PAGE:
With COVID-19 vaccines now approved for use with the youngest children – ages six months through 5 years, Granville-Vance Public Health Director Lisa Harrison encourages parents to ask questions of health care professionals to determine the best course of action when deciding which vaccine to choose.
Harrison spoke on Town Talk Wednesday with John C. Rose and said there is a wealth of information for parents located at www.gvph.org. She said it’s important to get information from trusted sources – like your child’s pediatrician or from the local health department.
Specialized nurses and immunization nurses administer the vaccines at the health department for anyone who wants a shot, including this youngest group of children most recently approved to get the vaccine.
The Pfizer shot is a three-series shot and is cleared to be given to children six months through 4 years. The Moderna shot is a two-dose series and is cleared for children through age 5. Both vaccines are now at the health department, and parents can consult with health professionals before deciding which one to ask for.
“Both are certainly well tested and effective,” she said.
Side effects are similar to those that adults have after getting shots and boosters – swelling and redness at injection site, slight fever or feeling tired for a day or two, but that’s about it, Harrison said.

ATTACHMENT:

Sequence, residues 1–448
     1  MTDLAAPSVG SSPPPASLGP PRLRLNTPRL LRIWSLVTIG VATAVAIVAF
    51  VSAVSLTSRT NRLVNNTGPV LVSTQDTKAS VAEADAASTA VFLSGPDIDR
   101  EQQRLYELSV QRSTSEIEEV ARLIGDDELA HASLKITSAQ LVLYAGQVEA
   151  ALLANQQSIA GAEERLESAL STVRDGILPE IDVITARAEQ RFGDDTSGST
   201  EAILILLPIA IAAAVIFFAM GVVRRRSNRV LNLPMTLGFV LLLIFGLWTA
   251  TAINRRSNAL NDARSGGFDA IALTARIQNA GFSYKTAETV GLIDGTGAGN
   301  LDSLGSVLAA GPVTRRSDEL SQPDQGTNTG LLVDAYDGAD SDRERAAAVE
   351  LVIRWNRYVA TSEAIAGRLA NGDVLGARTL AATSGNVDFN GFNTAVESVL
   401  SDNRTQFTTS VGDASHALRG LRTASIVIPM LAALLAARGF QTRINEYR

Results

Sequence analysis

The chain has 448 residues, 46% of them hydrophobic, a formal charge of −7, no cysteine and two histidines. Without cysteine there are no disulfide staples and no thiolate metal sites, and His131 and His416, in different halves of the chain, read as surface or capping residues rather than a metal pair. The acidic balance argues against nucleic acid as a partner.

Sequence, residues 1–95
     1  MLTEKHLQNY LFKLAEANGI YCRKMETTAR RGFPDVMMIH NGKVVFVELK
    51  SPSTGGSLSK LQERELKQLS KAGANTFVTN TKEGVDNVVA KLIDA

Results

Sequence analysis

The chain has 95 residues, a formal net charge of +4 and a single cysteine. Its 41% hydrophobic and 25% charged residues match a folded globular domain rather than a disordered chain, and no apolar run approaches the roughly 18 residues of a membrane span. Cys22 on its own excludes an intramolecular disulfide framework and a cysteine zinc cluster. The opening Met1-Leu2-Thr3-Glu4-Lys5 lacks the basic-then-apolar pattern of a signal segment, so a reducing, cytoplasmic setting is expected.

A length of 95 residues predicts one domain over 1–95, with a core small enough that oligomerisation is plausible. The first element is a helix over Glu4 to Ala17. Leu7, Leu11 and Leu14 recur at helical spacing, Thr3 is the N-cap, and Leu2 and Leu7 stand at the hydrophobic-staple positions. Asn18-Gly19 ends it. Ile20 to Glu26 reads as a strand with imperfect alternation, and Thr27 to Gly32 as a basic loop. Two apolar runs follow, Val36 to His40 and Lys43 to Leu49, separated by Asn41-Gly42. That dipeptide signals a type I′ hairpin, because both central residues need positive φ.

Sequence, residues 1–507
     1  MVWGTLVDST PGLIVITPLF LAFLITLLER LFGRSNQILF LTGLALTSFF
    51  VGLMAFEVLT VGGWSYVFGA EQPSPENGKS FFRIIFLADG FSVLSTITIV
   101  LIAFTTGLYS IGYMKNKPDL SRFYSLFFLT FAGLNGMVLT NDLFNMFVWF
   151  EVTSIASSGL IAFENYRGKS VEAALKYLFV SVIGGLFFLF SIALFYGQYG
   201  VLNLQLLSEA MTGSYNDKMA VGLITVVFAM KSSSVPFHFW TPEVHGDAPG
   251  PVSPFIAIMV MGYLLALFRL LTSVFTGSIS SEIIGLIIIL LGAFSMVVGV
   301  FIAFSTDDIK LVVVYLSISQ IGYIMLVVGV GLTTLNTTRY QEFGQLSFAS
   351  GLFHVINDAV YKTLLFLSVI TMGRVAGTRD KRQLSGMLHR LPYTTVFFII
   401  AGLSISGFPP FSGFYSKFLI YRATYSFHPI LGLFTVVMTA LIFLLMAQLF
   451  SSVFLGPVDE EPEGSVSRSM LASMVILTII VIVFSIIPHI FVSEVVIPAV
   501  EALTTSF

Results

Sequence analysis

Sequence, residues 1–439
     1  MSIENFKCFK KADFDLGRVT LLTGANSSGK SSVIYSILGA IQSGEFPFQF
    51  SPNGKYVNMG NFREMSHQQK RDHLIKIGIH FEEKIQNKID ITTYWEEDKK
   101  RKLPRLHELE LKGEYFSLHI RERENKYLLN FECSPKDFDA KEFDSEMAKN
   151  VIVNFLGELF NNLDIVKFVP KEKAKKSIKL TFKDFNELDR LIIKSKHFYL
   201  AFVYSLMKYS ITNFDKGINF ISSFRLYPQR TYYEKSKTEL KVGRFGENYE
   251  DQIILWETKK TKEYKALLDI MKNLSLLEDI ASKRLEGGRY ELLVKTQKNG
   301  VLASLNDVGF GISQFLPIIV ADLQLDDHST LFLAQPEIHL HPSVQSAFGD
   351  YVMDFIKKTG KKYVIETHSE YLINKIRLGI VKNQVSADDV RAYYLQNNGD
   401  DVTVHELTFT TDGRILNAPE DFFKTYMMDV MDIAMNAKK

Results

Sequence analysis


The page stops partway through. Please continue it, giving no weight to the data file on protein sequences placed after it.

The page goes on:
Vance and Granville counties both have returned to “high” transmission rates recently, and Harrison said as long as the counties remain in this category, she personally will choose to wear a mask when she is indoors with a lot of people. When she’s outside, she opts to not wear a mask.
It’s more difficult for younger children to keep masks on, and to follow the other W’s – “wait” 6 feet apart and “Wash” your hands frequently, she said, so vaccines for this youngest group just makes good health sense.
In fact, masks are not recommended for children ages 2 and under.
Vaccines “are the biggest and most important intervention we’ve had over the last hundred years,” she explained. And the various COVID-19 vaccines are more tested than any other vaccine.
One thing that health professionals have learned over the course of the pandemic is the unpredictable nature of the virus. “It’s hard to have this much patience with a mutating virus, for sure,” she said. Being vaccinated, however, is “the way we get through to the other side of the pandemic,” she added.